Roger Unger, who studied the hormonal underpinnings of diabetes for more than 60 years, died on August 22 at age 96. During his long tenure at the University of Texas Southwestern (UTSW) Medical Center that ended in July when he retired, he discovered the roles of the hormones glucagon and insulin in controlling blood sugar levels in the body.
Born in 1924 in New York, Unger attended Yale University and Columbia University during his medical training before spending the majority of his professional career at UTSW, where he was one of the longest-serving faculty members. He was the founding director of the Touchstone Diabetes Center, and his work helped elevate the institution to a world leader in the study and treatment of diabetes and related endocrine disorders. For his significant contributions to the field, he was awarded several honors, including the Banting Medal (1975), the Claude Bernard Memorial...
“Dr. Unger was a visionary endocrinologist who helped shape research and clinical practice in the field for more than 60 years,” Daniel Podolsky, president of UTSW, shared in an obituary. “His outstanding contributions in endocrinology and metabolism set the foundation for many of the important discoveries in these areas.”
Shortly after joining UTSW in 1956, Unger carried out experiments establishing glucagon as a true hormone involved in glucose production. Following this link, he next demonstrated the bihormonal nature of diabetes, showing that the high blood sugar characteristic of the disease stems not only from a lack of insulin, but also an overproduction of glucagon that increases glucose production. More recently, he had shown that blood glucose could not rise without abnormally high levels of glucagon. “Glucagon is the main culprit in diabetes, and if we can block its action, diabetes vanishes,” Unger said in a 2018 video about his work.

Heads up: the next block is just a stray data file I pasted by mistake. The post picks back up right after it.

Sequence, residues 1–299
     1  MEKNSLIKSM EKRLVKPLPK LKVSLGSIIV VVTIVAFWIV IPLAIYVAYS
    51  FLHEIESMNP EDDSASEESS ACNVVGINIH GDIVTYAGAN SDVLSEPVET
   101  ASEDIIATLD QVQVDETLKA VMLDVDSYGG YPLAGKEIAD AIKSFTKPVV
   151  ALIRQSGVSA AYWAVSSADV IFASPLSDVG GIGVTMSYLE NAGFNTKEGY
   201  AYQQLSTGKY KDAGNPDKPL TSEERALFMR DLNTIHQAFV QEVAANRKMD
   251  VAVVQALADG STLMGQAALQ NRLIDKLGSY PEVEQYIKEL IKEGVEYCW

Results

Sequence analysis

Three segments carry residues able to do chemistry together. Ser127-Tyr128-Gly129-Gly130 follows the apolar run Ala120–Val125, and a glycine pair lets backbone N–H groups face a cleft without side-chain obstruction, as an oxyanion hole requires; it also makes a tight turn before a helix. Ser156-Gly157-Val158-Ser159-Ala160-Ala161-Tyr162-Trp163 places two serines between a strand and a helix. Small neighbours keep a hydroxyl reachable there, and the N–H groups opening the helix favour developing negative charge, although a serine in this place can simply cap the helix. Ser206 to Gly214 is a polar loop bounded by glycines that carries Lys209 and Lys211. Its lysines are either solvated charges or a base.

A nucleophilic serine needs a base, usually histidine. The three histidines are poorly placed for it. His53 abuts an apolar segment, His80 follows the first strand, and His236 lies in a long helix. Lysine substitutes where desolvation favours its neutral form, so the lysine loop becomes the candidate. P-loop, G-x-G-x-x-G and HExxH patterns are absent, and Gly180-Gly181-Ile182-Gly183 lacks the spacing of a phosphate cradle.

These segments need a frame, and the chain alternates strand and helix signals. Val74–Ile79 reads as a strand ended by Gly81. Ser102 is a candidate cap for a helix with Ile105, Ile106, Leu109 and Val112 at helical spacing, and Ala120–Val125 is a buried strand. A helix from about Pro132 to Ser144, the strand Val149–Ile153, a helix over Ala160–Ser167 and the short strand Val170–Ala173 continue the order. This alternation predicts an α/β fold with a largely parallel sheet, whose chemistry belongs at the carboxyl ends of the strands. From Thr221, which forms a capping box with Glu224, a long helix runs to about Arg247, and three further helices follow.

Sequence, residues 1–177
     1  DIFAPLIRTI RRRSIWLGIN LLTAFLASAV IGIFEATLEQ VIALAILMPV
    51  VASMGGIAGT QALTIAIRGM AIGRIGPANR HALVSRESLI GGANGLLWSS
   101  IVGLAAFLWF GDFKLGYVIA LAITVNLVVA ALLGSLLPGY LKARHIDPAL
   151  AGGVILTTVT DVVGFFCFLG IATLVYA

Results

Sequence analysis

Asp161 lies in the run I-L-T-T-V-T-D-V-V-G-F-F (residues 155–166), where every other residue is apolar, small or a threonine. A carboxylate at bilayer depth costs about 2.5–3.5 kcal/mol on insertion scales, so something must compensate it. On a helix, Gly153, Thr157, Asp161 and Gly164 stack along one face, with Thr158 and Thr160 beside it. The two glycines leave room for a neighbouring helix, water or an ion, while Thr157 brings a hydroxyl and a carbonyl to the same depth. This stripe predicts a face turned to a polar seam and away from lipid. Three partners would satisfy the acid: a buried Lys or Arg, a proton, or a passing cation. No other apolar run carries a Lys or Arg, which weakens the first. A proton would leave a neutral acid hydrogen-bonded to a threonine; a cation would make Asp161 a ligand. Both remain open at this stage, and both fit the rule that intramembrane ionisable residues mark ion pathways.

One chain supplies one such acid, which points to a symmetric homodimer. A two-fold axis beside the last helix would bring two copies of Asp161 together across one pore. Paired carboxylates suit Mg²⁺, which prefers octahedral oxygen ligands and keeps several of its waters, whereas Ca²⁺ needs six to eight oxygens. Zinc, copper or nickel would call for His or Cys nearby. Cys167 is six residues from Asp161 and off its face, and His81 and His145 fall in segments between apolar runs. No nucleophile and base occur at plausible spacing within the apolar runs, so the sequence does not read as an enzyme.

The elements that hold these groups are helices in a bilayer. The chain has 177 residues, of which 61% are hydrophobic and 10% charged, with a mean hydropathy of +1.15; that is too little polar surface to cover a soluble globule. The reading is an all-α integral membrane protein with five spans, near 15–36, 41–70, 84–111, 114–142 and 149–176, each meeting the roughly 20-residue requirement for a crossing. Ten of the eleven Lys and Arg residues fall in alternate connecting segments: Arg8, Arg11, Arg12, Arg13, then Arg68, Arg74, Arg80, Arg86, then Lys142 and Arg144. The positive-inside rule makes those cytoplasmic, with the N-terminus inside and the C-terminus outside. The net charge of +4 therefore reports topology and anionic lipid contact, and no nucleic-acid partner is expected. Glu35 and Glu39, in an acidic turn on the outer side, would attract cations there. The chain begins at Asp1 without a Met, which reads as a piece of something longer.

Throughout his career, he also focused on the interplay between obesity, diabetes, and metabolic syndrome, studying how combinations of risk factors led to the development of heart disease and type 2 diabetes. Unger was the first to introduce the concept of lipotoxicity, a metabolic syndrome that occurs when fatty acids accumulate outside of adipose tissues, causing damage to the kidneys, liver, and heart.
As one of the preeminent diabetes scholars, he was uniquely poised to research treatments as well. In 1978, Unger and his colleagues provided evidence that administering the glucagon-suppressing hormone somatostatin normalized glucose levels in patients with type 1 diabetes. Throughout the late 2000s, Unger also found that the hormone leptin was capable of suppressing glucagon in mice, thereby reversing high blood glucose and dampening lipotoxic effects by increasing the oxidation of errant fatty acids. “The fact that these animals don’t die and are restored to normal health despite a total lack of insulin is hard for many researchers and clinicians to believe,” Unger said in a press release in 2008.
Unger remained active as a physician and researcher until the months before he died, still at work on new experiments. “Every time I decide to retire, we stumble on something exciting,” he shared in the 2018 video. “It’s too good to let go, so we’ll keep going as long as we have good ideas.”
He is survived by his brother, his wife Marlise, and their four children.